International Trade: Theory & Policy
The teachers are Ian Wooton from University of Strathclyde (SCH) and Vilém Semerák from VŠE in Prague (CZ).
Vilém Semerák Vysoká škola ekonomická v Praze
W. Churchill square 4
13067 Prague 3
Ian Wooton University of Strathclyde
16 Richmond Street
G1 1XQ Glasgow
Students are supposed to have knowledge of Microeconomics at an intermediate level.
Part 1 – Trade Theory
- International trade and factor mobility: The main facts
- Technology, factor endowments and trade
- Export booms
- Does it matter what countries export?
- Trade and imperfectly competitive markets
- Trade and Growth
- Economic geography
- Tax competition and FDI
Part 2 – Trade Policy
- Trade policy in general neoclassical trade model
- Trade policy under imperfect competition: Strategic trade policy
- Applied models of trade policy: From IO analysis to CGE/AGE
- Trade policy and economic integration: Customs unions and FTAs
- Administered protection
- Political economy of trade policy
The course provides a sound theoretical and analytical basis for examining and evaluating the causes and consequences of international trade and factors mobility.
The course is structured around a set of topics which include:
- The determinants of international trade (technological differences, differences in factor endowments, economies of scale and market structure, differences in preferences across countries)
- International labour mobility
- Foreign direct investment and multinational enterprises
- International fragmentation of production (offshore outsourcing)
- International trade policies (with a focus on developing countries)
- Problems of trade in primary commodities
- J.R. Markusen, J.R. Melvin, W. Kaempfer & K. Maskus (1995), International Trade: Theory and Evidence, McGraw-Hill
- C. van Marrewijk (2007), International Economics: Theory, Application, and Policy, Oxford University Press, ISBN 978-0-19-928098-8
- P.R. Krugman & M. Obstfeld (2008), International Economics Theory and Policy, 8th edition, Pearson, ISBN 978-0-321-48883-1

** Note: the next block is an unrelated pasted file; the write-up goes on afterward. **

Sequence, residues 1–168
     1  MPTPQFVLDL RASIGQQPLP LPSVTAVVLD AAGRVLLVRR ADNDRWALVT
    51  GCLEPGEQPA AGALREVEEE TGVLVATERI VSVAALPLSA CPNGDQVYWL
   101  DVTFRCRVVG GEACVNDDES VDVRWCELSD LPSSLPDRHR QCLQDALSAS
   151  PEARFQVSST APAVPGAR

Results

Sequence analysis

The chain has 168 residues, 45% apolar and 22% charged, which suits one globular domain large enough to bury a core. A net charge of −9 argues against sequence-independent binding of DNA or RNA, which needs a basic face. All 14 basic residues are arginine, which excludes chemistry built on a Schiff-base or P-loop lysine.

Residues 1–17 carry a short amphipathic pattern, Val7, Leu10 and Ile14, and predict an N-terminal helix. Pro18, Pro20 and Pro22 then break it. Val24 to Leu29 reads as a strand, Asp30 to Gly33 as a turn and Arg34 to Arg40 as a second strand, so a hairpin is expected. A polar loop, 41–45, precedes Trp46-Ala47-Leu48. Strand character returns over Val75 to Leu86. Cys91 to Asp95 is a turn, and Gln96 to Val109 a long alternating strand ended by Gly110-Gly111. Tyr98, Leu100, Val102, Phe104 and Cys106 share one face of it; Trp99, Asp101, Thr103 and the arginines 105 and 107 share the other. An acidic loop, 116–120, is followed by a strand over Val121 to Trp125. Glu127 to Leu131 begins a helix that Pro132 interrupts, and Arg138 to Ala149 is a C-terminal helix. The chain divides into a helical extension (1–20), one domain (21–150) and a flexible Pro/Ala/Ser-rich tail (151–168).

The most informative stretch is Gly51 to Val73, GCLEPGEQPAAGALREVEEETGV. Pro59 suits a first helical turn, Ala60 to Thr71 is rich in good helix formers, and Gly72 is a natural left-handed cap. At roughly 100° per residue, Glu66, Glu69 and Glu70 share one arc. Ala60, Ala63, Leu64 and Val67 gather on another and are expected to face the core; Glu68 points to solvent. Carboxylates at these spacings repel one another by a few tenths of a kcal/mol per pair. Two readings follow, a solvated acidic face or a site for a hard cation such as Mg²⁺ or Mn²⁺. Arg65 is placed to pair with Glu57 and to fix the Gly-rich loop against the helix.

- R.C. Feenstra & A.M. Taylor (2008), International Economics, Worth Publishers, ISBN 978-0-7167-9904-7
Upon successful completion of the course, students should be able:
- To explain why all countries can benefit from international trade, despite differences in production technologies and factor endowments
- To understand the role of differences and similarities between countries in explaining international trade flows
- To predict the pattern of trade between countries and discuss the distributional effects within countries
- To discuss the implications of less-than-perfectly competitive market structures for trade between countries
- To explain the different trade policy instruments available to policy makers and discuss the arguments in favour of, and against, protection
- To analyse and critically assess the options of economic integration available to a country, in terms of free-trade and multilateral agreement
- To understand the causes and consequences of more recent phenomena such as the international fragmentation of production.
The course consists of 150 hours spead over one term. About 40 hours of lectures and workshops are given in three sets of intensive lectures. 90 hours are required for individual study 20 hours are required for active preparation of the intensive lectures, including work with sample exercises and models.
The students are evaluated through a written examination of three hours.